‘I’m not talking about turtles you’ve ever seen. They were like prehistoric beasts,’ the American film director Amy Berg told Tom Wright. These giant snapping turtles played a critical role in unveiling the truth in a shocking American miscarriage of justice scandal which became the subject of Berg’s documentary film called West of Memphis.
Berg was speaking ahead ahead of a screening of the film at the London Investigative Film Festival. The bodies of three young boys were found in 1993 covered in shallow scratches. The court heard that three teenagers (known as ‘the Memphis Three’) had stabbed the victims and disposed of the bodies, later found in an area known to be inhabited by snapping turtles. ‘We did an experiment with snapping turtles and a pig – and the scratch marks on the pig’s torso were exactly the same as on the boys,’ Berg said. ‘If someone had stabbed them there would have been some depth to the wounds – but there were just scratch marks.’
‘I don’t think they’ll ever be justice in this case. I did believe there would be when we released the film, I thought it would be so obvious But now I don’t believe that.’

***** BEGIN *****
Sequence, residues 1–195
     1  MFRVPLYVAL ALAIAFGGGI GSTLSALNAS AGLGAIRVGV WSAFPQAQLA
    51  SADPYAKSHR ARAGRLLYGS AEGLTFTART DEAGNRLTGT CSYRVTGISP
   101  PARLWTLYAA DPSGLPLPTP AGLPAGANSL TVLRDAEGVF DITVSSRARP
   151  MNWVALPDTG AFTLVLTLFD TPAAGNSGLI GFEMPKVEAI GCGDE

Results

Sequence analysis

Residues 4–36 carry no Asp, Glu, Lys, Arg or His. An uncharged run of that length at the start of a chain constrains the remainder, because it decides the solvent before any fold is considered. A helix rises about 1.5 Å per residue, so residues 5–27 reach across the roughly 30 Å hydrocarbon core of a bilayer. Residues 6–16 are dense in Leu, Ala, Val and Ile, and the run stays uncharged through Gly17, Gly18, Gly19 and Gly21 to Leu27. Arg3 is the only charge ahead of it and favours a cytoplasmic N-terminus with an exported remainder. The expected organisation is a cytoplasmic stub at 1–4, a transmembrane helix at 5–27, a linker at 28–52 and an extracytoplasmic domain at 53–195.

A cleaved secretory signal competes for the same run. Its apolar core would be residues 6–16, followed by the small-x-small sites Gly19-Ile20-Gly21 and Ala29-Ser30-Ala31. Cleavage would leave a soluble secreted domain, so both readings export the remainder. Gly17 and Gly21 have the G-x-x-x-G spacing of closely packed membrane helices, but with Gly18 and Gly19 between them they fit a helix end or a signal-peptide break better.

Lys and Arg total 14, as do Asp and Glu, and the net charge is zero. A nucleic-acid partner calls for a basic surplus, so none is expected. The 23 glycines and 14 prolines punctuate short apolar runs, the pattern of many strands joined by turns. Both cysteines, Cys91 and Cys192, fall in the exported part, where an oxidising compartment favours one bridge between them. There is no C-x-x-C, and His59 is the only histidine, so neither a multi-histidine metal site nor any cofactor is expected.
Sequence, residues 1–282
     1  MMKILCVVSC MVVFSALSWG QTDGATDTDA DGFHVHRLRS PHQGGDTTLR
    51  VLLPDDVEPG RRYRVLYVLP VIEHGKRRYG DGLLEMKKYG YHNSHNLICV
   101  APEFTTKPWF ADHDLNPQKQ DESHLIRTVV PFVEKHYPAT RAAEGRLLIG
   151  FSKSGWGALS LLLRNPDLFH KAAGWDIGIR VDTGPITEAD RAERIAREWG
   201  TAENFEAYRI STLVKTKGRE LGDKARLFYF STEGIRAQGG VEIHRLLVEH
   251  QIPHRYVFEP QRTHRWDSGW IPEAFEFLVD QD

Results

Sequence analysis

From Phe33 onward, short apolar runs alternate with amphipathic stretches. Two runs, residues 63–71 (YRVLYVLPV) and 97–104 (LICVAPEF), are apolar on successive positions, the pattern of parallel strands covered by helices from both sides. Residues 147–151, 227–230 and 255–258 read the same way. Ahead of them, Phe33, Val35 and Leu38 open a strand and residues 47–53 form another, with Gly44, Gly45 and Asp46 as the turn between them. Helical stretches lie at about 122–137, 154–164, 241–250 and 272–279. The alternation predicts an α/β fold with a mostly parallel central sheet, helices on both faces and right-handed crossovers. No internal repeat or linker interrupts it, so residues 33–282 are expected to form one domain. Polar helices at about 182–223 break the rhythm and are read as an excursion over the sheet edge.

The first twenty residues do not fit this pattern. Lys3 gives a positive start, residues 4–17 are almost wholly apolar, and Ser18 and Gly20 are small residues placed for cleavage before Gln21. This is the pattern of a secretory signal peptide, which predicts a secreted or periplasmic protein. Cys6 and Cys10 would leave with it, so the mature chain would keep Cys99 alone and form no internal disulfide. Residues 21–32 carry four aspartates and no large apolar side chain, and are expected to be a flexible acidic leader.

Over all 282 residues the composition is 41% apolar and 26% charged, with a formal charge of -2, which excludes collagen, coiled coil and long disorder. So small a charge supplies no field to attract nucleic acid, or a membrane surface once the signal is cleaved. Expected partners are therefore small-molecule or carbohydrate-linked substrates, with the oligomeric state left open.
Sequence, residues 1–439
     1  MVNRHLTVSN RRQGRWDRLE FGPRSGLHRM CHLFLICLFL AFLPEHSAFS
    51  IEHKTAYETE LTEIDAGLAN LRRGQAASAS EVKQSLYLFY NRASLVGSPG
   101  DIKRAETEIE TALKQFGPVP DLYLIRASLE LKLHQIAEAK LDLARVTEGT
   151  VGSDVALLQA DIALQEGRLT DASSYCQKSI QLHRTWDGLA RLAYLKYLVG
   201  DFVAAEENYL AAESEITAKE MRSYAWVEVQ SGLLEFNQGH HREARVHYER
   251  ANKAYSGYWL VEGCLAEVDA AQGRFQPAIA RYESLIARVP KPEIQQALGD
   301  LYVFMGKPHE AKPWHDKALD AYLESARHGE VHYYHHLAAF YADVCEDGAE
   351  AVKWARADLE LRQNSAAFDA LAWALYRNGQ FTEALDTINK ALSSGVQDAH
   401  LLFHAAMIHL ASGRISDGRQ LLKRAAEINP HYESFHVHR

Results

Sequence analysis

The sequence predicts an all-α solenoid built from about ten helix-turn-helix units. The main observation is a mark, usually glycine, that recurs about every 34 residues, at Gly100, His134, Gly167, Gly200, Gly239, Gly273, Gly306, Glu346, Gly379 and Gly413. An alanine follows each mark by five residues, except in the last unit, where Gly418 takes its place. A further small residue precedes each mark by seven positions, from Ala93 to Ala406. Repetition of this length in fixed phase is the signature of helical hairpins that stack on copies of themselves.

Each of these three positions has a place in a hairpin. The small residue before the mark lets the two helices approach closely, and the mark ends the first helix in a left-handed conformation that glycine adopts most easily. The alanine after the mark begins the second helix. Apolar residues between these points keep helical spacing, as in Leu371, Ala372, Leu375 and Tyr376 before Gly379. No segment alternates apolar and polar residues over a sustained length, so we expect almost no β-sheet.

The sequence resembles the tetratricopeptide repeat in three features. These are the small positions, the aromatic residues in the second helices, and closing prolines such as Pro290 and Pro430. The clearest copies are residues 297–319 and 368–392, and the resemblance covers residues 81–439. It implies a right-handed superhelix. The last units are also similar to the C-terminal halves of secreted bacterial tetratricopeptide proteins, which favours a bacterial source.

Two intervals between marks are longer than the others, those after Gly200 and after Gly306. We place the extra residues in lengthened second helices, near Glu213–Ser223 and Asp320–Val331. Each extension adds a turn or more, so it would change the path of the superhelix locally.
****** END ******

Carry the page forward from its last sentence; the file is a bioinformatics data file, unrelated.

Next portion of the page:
Amy Berg on the Memphis 3
The return of Rough Justice
David Jessel reflected on the return of Rough Justice and rumours that Channel Five was considering reviving the series. Sadly, the rumours came to nought.
‘So does that mean that we’re in for a series of Celebrity Jailbird, presented by Jeffrey Archer, with interactive voting and a rather inappropriate use of trapdoors? Will Channel 5 do what they did when they took over Big Brother, Channel 4’s grave, sociological study of behaviour in confinement, and turned it into a Daily Star bonkfest?’
‘The police have had it their own way for too long’
There was no sign of Paddy Hill mellowing over the years when he spoke to Mary-Rachel McCabe. ‘We want to show the people of this country just how rotten, evil, corrupt and perverted the judicial system is in this country,’ Hill told McCabe here. ‘We’re now seeing what happened with Stephen Lawrence, but this is nothing new. The police in this country have had it their own way for too long.’